The aim of the dive was to explore some possible young seamounts located in an intermediate position between those explored during dive 13 (south of the main core complex) and some from the central oblique ridge axis (dives 16-18). It was also Gil’s first dive and birthday, our co-pilot of the day, who by the way did great job.
The dive was divided into 2 profiles. The first one was heading east, crossing a fault plan (N150), and aiming at reaching the top of 2 visible mounts on the bathymetry. Then, we planned to head south in order to explore another and higher seamount.
We collected 17 samples, all basaltic, and relatively fresh. The area was moderately to highly sedimented. We found the first basaltic outcrop one hour after our arrival on the seafloor. It was very sedimented and cut by small faults (N115). Then, on the sedimented slope of the first seamount, we found a serie of successive faults, oriented N150. They were exposing nice, in place, pillow basalts. When we arrived at the top, we were surprised to find that it was a fault surface oriented N90, with more massive basaltic flows tilted almost vertically.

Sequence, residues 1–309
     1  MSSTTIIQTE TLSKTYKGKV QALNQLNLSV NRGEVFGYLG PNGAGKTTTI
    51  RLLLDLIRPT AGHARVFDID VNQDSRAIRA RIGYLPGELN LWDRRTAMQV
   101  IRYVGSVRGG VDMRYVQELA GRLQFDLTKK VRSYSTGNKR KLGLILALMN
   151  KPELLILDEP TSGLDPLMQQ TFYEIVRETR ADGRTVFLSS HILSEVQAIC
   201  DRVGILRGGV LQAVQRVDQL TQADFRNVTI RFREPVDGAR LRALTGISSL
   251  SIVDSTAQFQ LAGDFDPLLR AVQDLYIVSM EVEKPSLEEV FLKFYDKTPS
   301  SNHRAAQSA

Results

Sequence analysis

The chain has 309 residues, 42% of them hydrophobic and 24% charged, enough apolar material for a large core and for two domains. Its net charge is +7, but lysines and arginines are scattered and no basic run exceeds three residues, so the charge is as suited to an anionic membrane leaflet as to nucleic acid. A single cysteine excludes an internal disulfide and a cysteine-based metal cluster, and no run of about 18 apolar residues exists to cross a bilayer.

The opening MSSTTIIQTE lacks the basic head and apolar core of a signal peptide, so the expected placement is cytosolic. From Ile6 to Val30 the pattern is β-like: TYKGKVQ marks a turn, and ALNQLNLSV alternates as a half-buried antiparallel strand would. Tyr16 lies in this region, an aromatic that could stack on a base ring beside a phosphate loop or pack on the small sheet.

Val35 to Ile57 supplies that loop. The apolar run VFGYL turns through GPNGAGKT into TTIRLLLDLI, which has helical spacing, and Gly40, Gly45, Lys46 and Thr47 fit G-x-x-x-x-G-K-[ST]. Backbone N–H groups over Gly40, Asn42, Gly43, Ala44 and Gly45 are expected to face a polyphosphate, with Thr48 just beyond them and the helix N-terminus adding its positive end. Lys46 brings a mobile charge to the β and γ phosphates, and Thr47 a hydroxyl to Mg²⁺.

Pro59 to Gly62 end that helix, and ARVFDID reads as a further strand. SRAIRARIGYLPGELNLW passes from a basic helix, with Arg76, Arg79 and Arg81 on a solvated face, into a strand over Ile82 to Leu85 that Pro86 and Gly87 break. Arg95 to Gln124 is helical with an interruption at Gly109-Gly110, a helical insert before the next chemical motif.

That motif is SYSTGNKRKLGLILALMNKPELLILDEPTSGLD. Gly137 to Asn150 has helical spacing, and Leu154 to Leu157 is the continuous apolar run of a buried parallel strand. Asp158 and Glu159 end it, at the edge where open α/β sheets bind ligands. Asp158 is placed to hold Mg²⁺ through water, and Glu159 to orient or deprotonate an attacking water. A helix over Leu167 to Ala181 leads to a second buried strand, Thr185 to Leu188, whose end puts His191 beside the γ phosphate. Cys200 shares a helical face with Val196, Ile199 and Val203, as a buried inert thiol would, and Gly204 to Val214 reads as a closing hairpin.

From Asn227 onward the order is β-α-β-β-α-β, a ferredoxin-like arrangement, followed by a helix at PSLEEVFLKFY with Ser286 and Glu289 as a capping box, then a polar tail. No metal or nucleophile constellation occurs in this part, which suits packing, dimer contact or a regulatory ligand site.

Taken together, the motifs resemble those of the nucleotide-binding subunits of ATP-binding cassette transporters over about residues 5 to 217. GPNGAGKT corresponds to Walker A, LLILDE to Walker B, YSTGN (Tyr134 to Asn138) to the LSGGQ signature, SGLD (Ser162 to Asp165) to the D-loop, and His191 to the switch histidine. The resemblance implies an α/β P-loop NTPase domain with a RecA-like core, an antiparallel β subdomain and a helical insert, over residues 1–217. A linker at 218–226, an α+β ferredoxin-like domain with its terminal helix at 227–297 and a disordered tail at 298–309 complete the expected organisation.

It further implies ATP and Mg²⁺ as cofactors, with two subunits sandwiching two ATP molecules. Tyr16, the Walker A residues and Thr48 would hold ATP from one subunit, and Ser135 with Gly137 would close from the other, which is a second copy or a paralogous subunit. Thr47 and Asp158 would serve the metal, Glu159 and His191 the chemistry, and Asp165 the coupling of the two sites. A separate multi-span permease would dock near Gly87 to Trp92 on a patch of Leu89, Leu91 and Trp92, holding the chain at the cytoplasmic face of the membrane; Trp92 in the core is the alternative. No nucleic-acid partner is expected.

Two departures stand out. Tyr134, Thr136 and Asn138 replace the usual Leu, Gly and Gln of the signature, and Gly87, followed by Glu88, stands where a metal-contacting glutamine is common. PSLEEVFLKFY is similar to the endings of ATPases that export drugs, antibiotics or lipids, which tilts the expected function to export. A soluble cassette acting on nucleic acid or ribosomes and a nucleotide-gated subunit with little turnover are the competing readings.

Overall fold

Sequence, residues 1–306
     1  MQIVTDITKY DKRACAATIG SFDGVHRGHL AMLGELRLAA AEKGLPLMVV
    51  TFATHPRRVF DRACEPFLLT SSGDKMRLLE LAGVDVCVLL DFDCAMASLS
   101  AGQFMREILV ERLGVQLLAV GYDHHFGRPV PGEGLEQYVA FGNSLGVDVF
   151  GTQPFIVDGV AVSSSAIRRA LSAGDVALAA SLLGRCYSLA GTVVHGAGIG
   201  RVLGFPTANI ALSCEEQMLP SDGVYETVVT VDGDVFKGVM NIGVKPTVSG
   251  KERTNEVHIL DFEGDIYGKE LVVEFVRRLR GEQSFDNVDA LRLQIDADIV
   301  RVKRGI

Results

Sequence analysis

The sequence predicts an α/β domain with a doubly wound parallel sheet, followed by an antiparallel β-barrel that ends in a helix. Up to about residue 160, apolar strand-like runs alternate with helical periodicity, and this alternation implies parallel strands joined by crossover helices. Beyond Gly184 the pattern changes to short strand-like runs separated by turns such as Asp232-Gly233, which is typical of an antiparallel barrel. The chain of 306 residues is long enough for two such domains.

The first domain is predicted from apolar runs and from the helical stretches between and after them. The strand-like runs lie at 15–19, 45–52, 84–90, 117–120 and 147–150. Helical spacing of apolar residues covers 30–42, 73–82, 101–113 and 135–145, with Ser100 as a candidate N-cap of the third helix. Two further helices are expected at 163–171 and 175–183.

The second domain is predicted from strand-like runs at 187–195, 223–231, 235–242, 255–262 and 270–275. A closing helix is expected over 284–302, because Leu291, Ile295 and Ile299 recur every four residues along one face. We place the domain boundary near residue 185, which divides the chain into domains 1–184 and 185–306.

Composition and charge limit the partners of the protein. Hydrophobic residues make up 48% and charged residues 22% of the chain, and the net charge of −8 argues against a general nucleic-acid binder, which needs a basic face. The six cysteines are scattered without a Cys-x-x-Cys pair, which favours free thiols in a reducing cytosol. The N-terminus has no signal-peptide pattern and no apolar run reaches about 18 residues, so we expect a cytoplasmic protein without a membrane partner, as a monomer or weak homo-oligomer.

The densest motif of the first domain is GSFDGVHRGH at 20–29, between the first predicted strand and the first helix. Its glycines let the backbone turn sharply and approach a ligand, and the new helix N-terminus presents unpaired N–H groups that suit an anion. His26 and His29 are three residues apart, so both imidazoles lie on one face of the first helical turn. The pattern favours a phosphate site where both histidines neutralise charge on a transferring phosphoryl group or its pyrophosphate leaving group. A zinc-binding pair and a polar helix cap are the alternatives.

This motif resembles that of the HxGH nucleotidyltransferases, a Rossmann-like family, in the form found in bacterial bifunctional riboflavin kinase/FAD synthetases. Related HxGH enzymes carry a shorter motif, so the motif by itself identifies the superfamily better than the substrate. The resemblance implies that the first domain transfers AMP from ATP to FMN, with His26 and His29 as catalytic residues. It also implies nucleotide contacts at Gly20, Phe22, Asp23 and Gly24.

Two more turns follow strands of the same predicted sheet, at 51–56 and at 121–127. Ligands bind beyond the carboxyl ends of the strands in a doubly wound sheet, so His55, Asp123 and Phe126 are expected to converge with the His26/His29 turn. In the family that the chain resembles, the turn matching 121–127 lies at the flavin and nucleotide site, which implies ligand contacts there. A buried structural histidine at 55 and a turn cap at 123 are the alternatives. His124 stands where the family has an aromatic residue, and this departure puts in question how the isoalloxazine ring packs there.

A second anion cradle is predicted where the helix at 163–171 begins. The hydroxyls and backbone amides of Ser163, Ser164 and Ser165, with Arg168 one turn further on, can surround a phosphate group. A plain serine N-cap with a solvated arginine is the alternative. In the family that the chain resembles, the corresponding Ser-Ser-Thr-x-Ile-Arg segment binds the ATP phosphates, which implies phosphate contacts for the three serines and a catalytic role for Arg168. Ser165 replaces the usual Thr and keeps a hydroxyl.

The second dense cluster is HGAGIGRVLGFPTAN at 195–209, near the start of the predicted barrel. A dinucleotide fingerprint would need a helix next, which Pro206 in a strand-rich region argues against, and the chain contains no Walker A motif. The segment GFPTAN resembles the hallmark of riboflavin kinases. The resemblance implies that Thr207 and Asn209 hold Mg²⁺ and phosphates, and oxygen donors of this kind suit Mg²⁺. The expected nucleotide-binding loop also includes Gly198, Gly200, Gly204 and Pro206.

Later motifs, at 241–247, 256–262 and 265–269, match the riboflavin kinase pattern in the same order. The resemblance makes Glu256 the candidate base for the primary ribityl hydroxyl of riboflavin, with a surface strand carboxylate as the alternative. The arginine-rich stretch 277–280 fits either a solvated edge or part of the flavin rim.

The slope of the eastern-most seamount was less sedimented, and composed of slope pillows, very elongated. We followed the flow direction of these pillows to reach the top of the volcano, made of broken pillows.
Heading south, we found again series of faults (both N150 and N115) exposing the basalts. On our way to the last seamount, we discovered another little volcano, shaped by very elongated, in place, pillows. Finally, we reached the top of the southern seamount through its west side. There, we could observe a clear increase in the volume of pillows in the upper part of the volcano, with very few sediments. Finally, our dive ended up with an elegant view on the “mouth” of the volcano, with pillows flowing in all directions.
By. B. Mougel